NCPA - National Center for Policy Analysis


April 11, 2007

The United States has consistently outgrown its European allies, and there is little dispute among economists that the United State's big advantage is its relatively small government.  But the latest budgetary maneuverings have virtually guaranteed that a good bit of that advantage will disappear, at least if Democrats remain in power, says Kevin Hassett, director of economic-policy studies at the American Enterprise Institute.

The current laws, as written, have put the United States on the road to France.  The primary culprit is government spending, explains Hassett:

  • According to the latest long-run outlook of the Congressional Budget Office, government spending may take up fully 50 percent of GDP by 2050.
  • Yet tax revenue will increase tremendously over the same time period; revenue relative to gross domestic product (GDP), currently a smidgen more than 18 percent, will climb to 23.7 percent by 2050.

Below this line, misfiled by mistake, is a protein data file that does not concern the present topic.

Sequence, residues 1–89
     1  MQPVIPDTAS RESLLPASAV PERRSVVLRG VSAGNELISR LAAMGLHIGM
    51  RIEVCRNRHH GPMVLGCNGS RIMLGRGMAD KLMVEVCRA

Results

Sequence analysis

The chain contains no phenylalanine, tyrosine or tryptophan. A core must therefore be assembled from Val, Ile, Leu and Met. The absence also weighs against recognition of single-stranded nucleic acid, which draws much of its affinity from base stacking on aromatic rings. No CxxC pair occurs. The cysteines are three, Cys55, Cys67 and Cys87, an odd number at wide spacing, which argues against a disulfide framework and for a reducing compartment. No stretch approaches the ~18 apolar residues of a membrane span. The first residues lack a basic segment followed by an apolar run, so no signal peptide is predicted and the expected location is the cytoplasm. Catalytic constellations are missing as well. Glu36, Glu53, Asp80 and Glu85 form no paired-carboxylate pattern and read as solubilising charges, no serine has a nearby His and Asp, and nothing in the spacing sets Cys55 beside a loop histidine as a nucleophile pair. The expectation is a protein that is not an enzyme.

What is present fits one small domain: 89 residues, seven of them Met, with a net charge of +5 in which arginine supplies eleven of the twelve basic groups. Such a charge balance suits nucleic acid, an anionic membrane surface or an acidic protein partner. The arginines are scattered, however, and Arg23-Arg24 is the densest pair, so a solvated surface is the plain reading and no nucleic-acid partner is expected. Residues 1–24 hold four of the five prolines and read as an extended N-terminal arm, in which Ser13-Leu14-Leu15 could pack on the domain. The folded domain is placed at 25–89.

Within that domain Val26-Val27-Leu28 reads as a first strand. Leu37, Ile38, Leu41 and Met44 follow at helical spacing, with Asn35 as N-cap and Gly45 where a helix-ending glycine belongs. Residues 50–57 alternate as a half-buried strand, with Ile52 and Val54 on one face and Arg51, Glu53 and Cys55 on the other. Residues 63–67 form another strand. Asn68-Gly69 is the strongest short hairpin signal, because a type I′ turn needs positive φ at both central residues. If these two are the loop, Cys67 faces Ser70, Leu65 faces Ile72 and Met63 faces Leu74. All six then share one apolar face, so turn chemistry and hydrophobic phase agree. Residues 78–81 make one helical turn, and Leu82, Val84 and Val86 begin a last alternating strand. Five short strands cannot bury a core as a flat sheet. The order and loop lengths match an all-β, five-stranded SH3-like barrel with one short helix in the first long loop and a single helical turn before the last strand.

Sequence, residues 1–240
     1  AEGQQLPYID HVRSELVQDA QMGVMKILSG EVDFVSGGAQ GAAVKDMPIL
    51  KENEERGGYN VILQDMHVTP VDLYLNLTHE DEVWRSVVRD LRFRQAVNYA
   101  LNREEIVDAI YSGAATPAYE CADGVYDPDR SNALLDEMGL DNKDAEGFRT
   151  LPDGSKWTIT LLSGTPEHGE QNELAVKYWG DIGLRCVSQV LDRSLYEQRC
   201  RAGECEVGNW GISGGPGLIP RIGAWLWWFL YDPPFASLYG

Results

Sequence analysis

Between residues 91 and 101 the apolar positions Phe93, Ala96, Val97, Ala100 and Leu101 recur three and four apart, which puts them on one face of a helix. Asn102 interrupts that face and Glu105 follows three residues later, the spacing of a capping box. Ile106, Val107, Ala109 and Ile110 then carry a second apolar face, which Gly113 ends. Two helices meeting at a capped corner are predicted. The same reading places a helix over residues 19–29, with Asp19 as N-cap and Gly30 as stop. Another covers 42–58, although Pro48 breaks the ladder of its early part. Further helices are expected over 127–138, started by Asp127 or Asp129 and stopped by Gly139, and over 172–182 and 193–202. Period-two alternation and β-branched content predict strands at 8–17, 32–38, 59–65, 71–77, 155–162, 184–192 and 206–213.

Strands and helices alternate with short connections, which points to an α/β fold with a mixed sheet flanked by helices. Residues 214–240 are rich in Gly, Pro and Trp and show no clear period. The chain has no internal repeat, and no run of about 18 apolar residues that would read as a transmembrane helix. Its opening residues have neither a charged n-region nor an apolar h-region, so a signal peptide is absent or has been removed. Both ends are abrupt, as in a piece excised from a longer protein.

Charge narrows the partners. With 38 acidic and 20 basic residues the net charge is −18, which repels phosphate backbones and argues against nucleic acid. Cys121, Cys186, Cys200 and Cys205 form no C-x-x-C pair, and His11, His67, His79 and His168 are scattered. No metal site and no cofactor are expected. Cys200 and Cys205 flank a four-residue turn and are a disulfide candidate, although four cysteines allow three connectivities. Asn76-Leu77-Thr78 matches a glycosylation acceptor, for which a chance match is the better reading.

• Further, it will extrapolate out to a whopping 27.5 percent by 2075.

Why the big climb in revenue?  There are three reasons, says Hassett:

  • Current law calls for the expiration of the Bush tax cuts in 2010.
  • The Alternative Minimum Tax, which isn't adjusted for inflation, sucks in more and more revenue over time.
  • As the economy grows in real terms, more individuals get thrust into the top tax bracket.

This is not "free money," says Hassett. The government is increasing its take because individuals are seeing big tax increases. If we want to keep raising the same amount of revenue relative to our output each year, we are going to have to pass big tax reductions relative to the baseline. If not, we can sit and watch while the current law gradually pushes the United States down the road to France.Source: Kevin Hassett, "Tax Policy Taking U.S. Down the Road to France: Kevin Hassett," Bloomberg News, April 9, 2007.

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